Betting Management - PowerPoint by zqc88403

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									Betting on the Future with a
Cloudy Crystal Ball?
     Spending, Taxing, Saving, and
              Borrowing
            A balanced budget
           Portfolio management
                  Hedging
               Self-insurance
           Optimal spending rules
                                      Fred Thompson & Bruce Gates
                            Atkinson Graduate School of Management
                     Next page                 Willamette University
Lesson
• Trying to balance budgets (match spending
  to taxing) one year at a time leads to manic-
  depressive spending and taxing patterns
• This is costly, both directly in terms of the
  expedients taken to balance budgets and
  indirectly from a macroeconomic
  perspective
• The problem faced by budget makers
  derives from volatility in revenue growth.



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Lesson
• Economists cannot accurately
  predict revenue growth from one
  year to the next or the timing of the
  business cycle, but we can make
  actuarial predictions
• Mean/variance analysis



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 Example: Classical Multiplicative
 Decomposition
Conceptual Decomposition:       yt  Trend t  Cyclet  Seasonalt  Irregulart

        Trend:       Long-term growth/decline
        Cycle:       Long-term slow, irregular oscillation
        Seasonal:    Regular, periodic variation w/in calendar year
        Irregular:   Short-term, erratic variation
                                yt  Trend t  Seasonalt
                                ˆ
     Conceptual Forecast:

                                                   s1 
                                                  s 
                                yt  b0  b1t   2 
                                ˆ
                                                  
      Forecasting Model:                           
                                                   sL 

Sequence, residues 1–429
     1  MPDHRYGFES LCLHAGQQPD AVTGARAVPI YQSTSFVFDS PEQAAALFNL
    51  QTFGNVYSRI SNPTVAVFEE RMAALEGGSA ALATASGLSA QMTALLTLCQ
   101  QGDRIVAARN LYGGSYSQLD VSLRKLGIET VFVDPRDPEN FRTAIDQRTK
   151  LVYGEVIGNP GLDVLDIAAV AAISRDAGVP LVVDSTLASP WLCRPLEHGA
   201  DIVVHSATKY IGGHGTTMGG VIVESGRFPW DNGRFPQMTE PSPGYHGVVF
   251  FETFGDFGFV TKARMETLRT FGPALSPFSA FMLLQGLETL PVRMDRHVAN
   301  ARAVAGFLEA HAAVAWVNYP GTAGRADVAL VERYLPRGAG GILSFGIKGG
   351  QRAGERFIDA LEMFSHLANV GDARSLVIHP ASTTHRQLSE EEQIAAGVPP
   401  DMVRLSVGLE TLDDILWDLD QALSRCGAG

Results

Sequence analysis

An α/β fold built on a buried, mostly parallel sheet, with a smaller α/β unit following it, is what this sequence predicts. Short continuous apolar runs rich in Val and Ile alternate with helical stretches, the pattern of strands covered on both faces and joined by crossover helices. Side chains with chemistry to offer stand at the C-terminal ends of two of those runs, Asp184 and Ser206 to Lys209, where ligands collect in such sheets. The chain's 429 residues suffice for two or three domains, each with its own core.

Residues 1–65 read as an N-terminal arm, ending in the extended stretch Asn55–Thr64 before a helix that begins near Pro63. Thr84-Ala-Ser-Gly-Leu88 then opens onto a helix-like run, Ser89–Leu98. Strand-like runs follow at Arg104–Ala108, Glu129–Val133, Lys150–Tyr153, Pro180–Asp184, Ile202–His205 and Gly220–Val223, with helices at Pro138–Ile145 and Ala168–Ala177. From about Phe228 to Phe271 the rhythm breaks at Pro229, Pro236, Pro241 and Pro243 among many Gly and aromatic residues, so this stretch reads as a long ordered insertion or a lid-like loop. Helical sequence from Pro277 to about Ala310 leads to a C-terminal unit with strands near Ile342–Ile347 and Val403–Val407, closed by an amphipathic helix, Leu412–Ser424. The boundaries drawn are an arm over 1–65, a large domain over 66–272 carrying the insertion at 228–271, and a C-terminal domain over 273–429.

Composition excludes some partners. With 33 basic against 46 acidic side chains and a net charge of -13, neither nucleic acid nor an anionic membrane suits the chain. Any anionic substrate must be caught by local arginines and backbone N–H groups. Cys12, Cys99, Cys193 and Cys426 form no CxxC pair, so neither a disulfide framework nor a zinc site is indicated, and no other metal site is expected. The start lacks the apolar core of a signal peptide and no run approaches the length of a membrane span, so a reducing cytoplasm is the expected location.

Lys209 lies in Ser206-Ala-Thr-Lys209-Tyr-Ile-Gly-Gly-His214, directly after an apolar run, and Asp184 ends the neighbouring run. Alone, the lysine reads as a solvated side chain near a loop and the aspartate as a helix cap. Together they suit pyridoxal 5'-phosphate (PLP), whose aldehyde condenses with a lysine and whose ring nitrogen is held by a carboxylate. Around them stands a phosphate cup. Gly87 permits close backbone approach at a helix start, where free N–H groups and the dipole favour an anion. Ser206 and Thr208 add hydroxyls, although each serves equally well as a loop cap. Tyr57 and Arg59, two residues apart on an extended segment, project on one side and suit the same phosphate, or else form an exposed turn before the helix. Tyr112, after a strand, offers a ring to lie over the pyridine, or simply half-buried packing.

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Example: Classical Multiplicative
Decomposition
Conceptual Decomposition:     yt  Trend t  Cyclet  Seasonalt  Irregulart
                   1600

                   1500

                   1400
                   1300

                   1200
            Data



                   1100

                   1000

                   900

                   800

                   700

                   600
                          1996:01
                          1996:02
                          1996:03
                          1996:04
                          1997:01
                          1997:02
                          1997:03
                          1997:04
                          1998:01
                          1998:02
                          1998:03
                          1998:04
                          1999:01
                          1999:02
                          1999:03
                          1999:04
                          2000:01
                          2000:02
                          2000:03
                          2000:04
                          2001:01
                          2001:02
                          2001:03
                          2001:04
                                           Period



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Example: Classical Multiplicative
Decomposition    Visual Representation

                  1600                              1.25

                  1400
                                                    1.15




                                        Seasonal
                  1200




       Trend
                                                    1.05
                  1000

                                                    0.95
                   800